June 10th 2014 Resources for Autism won the Westminster Student Union Charity of the Year for our work with volunteers. This event was designed to be one of the many around the country to coincide with National Volunteering Week. Resources for Autism had our own events in Birmingham and London to thank our fabulous volunteers for all they do for our families. Volunteering week is a good time to remember some key facts about volunteering that are often forgotten or ignored.
- · Volunteers give their time generously but they are not ‘free’.
- · To support volunteers effectively and professionally takes skill, time and money
- · Volunteers should never be out of pocket when they give their time
- · Volunteers should expect to be developed and trained and to gain new skills if they want to.
In the current financial climate Resources for Autism is, quite rightly, praised for having an active volunteer work force working alongside our paid staff. However sometimes that praise is for the wrong reasons and certainly some of what I am hearing at funding meetings is very worrying. ‘Volunteers are free labour’ is the mantra and the thoroughly incorrect and worrying view taken by those who are just searching for cheaper ways to do things.
Volunteering comes in many forms. Volunteers may be part of a team who come and spend a few hours once a year painting or gardening for a project. They may help at an event once in their lives – the Olympics being the obvious example of this. They may give time as a coach to a local football team, following their own passions or as is the case for Resources for Autism Reach Out Volunteers (and we have other volunteers but more of that later) they may be offering several hours a week to families who are desperately in need of excellent, trained, reliable support with a child or young adult who may present considerable challenges.
To look at any of these volunteers as free labour is completely missing the point. These are people who share a sense of community, want to ‘give something back’ and care enough to use their leisure time to benefit others. They are also people who need excellent training, professional support and travel and other out of pocket expenses paid; they may be wanting to gain experience to further their studies or to gain paid employment. Free they are not. Valuable they are. Volunteers enable us to provide service to far more families than we would without them but at an hourly cost to the organisation that is considerable. This is not a bad thing but it does need recognition and funding. I am very proud of the number of volunteers who go on to gain paid work as a result of their time with us. I am particularly proud of those volunteers who themselves have autism and who volunteer with us and are enabled to volunteer with other organisations but need that bit of extra support. Without paid staff to give them the extra needed they would not be able to engage and that comes at a cost. No 'free labour' but a really valuable experience for people who would otherwise be unable to volunteer offering a really special voluntary input to the wider community.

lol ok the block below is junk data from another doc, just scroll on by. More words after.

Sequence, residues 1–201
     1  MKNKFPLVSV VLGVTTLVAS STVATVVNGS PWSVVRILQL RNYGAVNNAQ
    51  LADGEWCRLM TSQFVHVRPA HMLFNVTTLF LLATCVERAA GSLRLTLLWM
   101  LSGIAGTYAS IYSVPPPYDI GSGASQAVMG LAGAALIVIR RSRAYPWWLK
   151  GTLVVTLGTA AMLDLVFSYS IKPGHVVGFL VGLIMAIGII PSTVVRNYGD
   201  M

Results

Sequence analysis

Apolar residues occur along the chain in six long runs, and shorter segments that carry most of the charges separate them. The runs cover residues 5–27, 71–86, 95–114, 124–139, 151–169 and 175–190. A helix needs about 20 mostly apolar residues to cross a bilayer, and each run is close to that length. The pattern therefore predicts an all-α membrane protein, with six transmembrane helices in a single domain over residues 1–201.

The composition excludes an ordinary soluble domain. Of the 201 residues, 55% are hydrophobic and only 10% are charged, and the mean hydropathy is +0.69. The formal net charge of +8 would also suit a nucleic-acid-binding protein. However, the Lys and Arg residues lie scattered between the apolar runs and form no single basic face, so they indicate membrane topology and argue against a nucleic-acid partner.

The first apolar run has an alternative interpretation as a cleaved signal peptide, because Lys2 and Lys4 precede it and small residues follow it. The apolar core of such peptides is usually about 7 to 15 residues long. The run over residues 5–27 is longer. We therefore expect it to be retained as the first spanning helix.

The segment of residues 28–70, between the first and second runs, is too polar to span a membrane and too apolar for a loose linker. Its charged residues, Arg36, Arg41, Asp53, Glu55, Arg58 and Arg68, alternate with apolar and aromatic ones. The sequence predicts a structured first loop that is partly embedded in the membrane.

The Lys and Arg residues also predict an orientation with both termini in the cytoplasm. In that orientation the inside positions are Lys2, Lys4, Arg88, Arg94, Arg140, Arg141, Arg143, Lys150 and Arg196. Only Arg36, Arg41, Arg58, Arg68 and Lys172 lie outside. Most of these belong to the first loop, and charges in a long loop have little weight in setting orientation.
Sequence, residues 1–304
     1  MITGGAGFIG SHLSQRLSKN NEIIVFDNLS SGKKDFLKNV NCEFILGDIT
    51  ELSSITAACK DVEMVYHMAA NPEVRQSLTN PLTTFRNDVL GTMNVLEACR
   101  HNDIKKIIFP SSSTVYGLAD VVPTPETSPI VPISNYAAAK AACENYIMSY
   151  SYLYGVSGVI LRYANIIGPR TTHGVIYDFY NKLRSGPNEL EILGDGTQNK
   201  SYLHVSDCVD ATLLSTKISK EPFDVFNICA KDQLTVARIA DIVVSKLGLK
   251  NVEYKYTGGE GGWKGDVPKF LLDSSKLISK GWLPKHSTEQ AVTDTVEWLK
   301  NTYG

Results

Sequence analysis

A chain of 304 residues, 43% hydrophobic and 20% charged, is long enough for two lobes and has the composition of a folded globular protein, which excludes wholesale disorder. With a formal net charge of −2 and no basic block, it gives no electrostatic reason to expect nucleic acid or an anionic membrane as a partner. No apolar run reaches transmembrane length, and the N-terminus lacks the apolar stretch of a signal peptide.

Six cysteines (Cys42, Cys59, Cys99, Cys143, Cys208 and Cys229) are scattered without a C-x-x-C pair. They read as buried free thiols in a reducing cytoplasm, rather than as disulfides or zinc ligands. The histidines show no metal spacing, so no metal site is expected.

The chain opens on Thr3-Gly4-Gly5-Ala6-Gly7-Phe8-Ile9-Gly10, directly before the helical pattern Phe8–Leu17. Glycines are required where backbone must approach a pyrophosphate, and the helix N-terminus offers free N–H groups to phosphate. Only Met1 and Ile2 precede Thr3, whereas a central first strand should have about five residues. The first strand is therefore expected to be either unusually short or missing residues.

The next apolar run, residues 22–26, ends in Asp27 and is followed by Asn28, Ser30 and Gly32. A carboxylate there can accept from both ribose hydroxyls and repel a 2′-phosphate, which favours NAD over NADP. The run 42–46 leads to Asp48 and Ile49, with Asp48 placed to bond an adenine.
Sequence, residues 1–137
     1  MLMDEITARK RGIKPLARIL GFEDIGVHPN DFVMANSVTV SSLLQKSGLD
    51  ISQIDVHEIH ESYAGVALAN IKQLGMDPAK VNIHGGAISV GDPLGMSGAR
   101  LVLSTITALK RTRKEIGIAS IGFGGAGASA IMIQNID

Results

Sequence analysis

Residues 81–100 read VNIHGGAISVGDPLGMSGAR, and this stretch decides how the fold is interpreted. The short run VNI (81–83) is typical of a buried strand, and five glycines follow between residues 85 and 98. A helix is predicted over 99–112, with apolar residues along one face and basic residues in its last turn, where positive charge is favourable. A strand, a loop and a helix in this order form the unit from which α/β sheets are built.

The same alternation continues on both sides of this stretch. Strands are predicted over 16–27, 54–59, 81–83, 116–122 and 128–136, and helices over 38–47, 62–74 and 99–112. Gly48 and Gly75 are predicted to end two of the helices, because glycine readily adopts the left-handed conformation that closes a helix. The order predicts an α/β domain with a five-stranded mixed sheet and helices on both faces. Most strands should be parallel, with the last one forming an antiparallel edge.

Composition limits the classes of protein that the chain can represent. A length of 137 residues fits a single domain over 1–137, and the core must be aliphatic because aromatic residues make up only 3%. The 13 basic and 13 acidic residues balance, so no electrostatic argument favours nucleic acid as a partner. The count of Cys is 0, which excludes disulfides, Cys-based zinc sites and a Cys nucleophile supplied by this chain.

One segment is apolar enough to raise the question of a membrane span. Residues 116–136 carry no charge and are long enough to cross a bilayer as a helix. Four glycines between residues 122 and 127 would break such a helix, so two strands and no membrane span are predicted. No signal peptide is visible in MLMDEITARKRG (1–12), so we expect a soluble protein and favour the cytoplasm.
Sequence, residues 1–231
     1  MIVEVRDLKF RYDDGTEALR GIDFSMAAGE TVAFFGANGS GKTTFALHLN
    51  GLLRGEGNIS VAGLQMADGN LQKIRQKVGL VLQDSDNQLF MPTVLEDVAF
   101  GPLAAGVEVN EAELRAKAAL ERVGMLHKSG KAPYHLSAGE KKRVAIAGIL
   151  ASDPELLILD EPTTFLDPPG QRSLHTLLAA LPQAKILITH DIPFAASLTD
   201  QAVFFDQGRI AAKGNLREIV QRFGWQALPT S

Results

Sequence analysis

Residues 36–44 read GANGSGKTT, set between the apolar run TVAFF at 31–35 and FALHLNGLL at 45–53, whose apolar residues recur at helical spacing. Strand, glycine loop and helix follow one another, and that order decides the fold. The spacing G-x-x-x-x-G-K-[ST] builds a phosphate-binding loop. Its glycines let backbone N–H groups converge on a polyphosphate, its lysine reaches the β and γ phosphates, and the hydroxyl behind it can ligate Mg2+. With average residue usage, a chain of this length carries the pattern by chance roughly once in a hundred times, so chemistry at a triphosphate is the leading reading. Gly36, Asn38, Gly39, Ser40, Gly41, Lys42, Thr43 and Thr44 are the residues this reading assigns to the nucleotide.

Volunteers also offer Resources for Autism admin support, finance support and occasional support in fundraising. Some work two or three times a week for several hours, others work for short periods but every day. All of this is incredibly helpful and oils the wheels of the organisation and hopefully benefits those offering their time. Certainly a finance volunteer with us was very clear that it was a direct result of the experience she gained while volunteering that landed her a very well paid job in the City. That meant she had to stop volunteering but I was delighted for her. Volunteers will come and go and that is part of the ‘cost’ to an organisation and hopefully of ‘gain’ for the volunteer. It is not a negative but just part of life and the training input and cost from paid staff has to factor this in as it will have to be repeated sometimes over and over again.
As a society we should continue to value and respect our volunteers and remember to thank them formally and informally at every opportunity but we also need to challenge the idea that they are or that they ought to be free.